A British two-star general had to eat his own words on Tuesday after contradicting the White House, which has warned that Iranian-backed forces could attack U.S. troops in Syria and Iraq.
"There's been no increased threat from Iranian-backed forces in Iraq and Syria," Maj. Gen. Chris Ghika, a deputy commander for the U.S.-led coalition against ISIS, told reporters at a Pentagon news briefing. "We are monitoring the Shia militia groups carefully and if the threat level perceives to go up them we will raise our force protection levels accordingly."
But after being pressed by reporters on the matter, Ghika engaged in verbal gymnastics to try to say he was on the same page as the White House by saying the coalition monitors a range of possible threats and it raises and lowers security levels appropriately.
Eventually, when a reporter asked Ghika what if the threat condition level in Baghdad has been raised, the general replied: "If you come to Baghdad and you come onto our base in Baghdad, then we'll tell you what the threat level is."
Later on Tuesday, U.S. Central Command issued a statement saying Ghika's comments "run counter to the identified credible threats" of Iranian-backed forces in the region.
"U.S. Central Command, in coordination with Operation Inherent Resolve, has increased the force posture level for all service members assigned to OIR in Iraq and Syria," the statement says. "As a result, OIR is now at a high level of alert as we continue to closely monitor credible and possibly imminent threats to U.S. forces in Iraq."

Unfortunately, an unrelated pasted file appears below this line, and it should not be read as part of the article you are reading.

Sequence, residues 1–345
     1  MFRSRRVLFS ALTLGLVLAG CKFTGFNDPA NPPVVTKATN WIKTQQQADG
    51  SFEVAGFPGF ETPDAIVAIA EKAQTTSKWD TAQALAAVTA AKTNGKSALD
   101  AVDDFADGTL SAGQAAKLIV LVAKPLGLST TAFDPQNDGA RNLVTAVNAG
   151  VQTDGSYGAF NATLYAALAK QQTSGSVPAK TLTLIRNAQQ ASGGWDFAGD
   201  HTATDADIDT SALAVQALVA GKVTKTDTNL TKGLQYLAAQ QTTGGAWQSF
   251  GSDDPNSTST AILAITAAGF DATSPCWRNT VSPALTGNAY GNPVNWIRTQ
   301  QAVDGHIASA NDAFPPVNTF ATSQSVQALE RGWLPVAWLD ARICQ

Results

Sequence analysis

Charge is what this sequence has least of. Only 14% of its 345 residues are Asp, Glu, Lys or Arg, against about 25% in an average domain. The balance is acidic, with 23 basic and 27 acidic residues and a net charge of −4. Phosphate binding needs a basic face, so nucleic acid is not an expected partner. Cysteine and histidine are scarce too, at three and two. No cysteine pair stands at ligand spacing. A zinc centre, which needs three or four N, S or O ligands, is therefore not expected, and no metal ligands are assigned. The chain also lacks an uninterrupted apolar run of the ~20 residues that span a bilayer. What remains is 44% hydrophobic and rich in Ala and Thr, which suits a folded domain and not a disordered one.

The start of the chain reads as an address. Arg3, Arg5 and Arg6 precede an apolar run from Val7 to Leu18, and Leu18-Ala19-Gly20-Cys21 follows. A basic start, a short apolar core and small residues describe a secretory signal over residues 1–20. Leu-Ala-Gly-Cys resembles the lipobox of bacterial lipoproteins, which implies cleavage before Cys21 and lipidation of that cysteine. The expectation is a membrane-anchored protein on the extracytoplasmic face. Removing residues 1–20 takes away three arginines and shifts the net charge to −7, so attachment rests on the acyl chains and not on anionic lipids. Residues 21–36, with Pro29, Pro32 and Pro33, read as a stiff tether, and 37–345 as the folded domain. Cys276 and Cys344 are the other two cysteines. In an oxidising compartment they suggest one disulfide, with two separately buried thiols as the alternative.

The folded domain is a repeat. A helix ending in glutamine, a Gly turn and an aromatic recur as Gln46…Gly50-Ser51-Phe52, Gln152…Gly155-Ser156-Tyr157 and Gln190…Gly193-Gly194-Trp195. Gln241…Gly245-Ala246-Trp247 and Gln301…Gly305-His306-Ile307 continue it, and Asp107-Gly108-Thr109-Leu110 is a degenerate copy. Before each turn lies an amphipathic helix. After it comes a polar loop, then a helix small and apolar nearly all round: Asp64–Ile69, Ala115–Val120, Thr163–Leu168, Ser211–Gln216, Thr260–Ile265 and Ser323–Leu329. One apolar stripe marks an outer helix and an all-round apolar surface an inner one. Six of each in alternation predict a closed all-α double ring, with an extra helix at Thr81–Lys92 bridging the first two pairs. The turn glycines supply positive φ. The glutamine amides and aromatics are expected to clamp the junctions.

Tensions with Iran have rocketed in the past week amid intelligence reports that Iran and its proxies could be preparing to attack U.S. forces in the Middle East. The Pentagon has approved sending more ships, bombers, and Patriot missiles to the Central Command region.
The New York Times reported on Monday that Acting Secretary of Defense Patrick Shanahan recently briefed White House National Security Advisor Ambassador John Bolton on sending up to 120,000 U.S. troops to the Middle East should Iran attack the United States or accelerate its nuclear weapons program.
President Donald Trump disputed the story on Tuesday, telling reporters that he'd dispatch "a hell of a lot more troops than that" in case of war with Iran.
But Newsweek confirmed that Bolton has asked the Pentagon for a number of different scenarios to respond to Iran, ranging from airstrikes to pre-positioning the 120,000 U.S. troops to provide the initial footprint for a ground invasion of Iran that would involve a larger force.